The name of this painting is “The Source”. When I think about creativity and from where it comes, I imagine a cool, dark place where earth and sky seamlessly intersect. There is a soft, chilly and audible wind that moves across the land, bringing beauty and invention to the seekers. This place is called “Inspiration”. While it may look like a place of endless dark, there is much to behold. When I visit this magical place, I am sometimes gifted in feathers, which float down from the starlit heavens to land softly upon my offered palm. But this particular feather emerged from the clear inky sky, softly backlit by stars. This painting is many layers, many colors, from navy to lilac and sepia tones and a lot of gray. Being that it’s not yet complete, I don’t know quite where it will end up yet, but it has been a blessing and joy to make.

When Creativity Visits

The welcome mat is always out, inviting inspiration. I believe that the creative process is a unique experience for every person. I’ve read stacks of books advising how to nurture the artist within. One of the best is Big Magic by Elizabeth Gilbert; Her conversational format was enjoyable to read and her advice something like practical and sisterly. I really identified with her bit about ideas coming to us by means of us inviting them – but if we don’t act upon them, they will move on to someone else. This explains how someone may have had the idea, only for someone else to bring it to life at a future date. So, when we have a wonderful idea, we must act upon it, or at least explore it, lest it be lost to the sands of time.

I gather a lot of inspiration from magazines: rich colors, glossy paper, the effort that goes into the photos with all the styling and originality. Heeding the advice of one of my favorite authors, Julia Cameron, I indulged my inner child and started cutting out photos of my favorite things and rubber cementing them into an oversize sketchbook. The result is a “diary” brimming with color swatches, extravagant floral arrangements, sweeping landscapes, photos of horses, and other creative “knick-knacks”. The result is two-fold; I find it creatively stimulating to indulge in the simple act of focusing on interesting objects; the other is a “tangible Pinterest”. These pages have inspired several dozen paintings, some successful, some tossed in a pile to be gessoed over. Either way, it has been fun. I think that’s the most important part of the creative process. Julia Cameron talks about this extensively in The Artist’s Way: she recommends that we allow ourselves the freedom to explore the fun and/or beautiful aspect of art with child-like delight, giving ourselves permission to simply enjoy ourselves.

creativity 4

I’ve employed these tactics for about a year now and my creative process has evolved from intermittent and somewhat forced into a garden bearing fruit. I’ve learned about my own creative “triggers” (I’m obsessed with color and design) and that I need a fair amount of privacy. I’ve heard this often, in various forms; contemporary artist Brian Rutenberg unapologetically stresses the requirement of aloneness in his book Clear Seeing Place.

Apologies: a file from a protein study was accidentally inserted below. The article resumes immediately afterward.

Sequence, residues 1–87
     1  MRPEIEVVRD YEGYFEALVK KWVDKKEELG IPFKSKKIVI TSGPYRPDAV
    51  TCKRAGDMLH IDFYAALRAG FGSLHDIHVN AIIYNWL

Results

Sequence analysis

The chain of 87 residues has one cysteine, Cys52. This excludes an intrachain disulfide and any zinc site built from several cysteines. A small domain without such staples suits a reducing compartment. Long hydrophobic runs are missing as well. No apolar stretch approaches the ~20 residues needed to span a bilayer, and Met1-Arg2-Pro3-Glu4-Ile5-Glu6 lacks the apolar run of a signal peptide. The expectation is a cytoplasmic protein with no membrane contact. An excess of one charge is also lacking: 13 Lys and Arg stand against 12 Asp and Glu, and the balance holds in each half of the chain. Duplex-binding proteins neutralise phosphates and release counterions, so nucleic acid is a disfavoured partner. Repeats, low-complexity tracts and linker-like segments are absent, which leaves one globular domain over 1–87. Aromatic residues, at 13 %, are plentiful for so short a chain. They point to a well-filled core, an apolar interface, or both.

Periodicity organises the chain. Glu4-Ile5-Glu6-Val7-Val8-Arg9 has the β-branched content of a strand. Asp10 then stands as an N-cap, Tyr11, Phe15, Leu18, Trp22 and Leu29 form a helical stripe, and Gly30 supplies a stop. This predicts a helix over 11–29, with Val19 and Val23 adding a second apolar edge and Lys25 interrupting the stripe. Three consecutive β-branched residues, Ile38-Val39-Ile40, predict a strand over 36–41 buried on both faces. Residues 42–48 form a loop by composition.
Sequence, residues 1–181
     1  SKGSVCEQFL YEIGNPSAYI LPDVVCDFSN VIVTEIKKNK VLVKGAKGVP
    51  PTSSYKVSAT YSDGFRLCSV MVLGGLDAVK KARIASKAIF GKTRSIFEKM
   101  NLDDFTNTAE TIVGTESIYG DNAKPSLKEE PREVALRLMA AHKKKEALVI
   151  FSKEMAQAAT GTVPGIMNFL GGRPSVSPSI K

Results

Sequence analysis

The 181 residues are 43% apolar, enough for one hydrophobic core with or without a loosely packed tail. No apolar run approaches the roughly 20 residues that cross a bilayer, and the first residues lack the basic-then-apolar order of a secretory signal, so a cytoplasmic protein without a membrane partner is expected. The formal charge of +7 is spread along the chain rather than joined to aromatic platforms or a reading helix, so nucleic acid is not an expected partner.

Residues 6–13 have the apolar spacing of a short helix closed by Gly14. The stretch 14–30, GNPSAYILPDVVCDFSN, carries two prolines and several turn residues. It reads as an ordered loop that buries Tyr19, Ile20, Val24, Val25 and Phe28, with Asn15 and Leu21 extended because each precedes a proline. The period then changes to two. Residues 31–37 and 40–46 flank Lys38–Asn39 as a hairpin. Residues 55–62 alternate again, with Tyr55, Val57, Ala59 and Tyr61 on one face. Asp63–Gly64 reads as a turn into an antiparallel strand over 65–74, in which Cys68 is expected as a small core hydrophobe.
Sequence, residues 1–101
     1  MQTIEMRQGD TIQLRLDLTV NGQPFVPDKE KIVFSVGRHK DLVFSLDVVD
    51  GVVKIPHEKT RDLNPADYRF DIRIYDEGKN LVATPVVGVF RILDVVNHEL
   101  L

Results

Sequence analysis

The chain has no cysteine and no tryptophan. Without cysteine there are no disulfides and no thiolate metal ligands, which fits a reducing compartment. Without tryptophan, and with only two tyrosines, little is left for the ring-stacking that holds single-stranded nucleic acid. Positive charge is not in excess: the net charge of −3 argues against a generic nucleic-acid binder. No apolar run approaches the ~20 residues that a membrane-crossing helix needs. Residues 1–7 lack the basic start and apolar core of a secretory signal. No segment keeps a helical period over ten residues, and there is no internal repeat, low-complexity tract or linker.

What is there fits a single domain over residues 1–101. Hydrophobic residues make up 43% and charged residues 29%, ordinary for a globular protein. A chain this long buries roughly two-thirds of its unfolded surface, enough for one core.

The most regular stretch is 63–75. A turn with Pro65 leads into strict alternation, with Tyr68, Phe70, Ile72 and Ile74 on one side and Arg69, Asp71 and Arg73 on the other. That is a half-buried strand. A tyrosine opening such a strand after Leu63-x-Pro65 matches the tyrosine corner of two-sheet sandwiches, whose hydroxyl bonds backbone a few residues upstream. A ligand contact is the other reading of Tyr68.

creativity 1

This “new-school” way of thinking about the creative process is terrific in the sense that it strips away any pretentiousness about art and focuses on the why: why do we create? It’s like the cool art teacher you may have had as a child, the one that always encouraged you and saw the good about your invention, no matter the level of artist you were. It’s the freedom to dream, to put your brush to canvas without fear of flaw or failure.

Thank you for reading. I wish you that freedom, wherever you are in the creative spectrum. – Julie

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Perfect Design

I had a bit of an epiphany today while walking one of my two adorable dogs, Stella Mae. In Florida, where we reside, this time of year brings lots of falling leaves and foliage. The sidewalk was littered with heaps of brown leaves, sticks and other plant matter. It had rained recently so I was trying to avoid the squishy and slippery globs of leaves and didn’t pay them any mind until one in particular caught my attention. About twelve inches long and a camel-tan color, it’s like a smooth, elongated pinecone. It was absolutely beautiful and reminded me of a textured leather bracelet or the handle of a well-made handbag. And so, the epiphany is that my love of art comes from my obsession with design, and more particularly, beautifully designed objects.
Perfect design

My great uncle Eugene Lux was a fairly successful packaging designer during the 1940’s. Compact cases were one of his specialties, and this was during an era where little compacts and mirrors were a trademark of luxury and class. He made other things as well like packaging for children’s toys, but I’ve always regarded compacts with a special fondness. What an elegant and lady-like little luxury – a beautifully designed little piece, like jewelry! They’ve been out of style for many years now, but a few cosmetics companies still carry beautifully designed compact mirrors, meant as a special treat and a nod to an era of supreme elegance.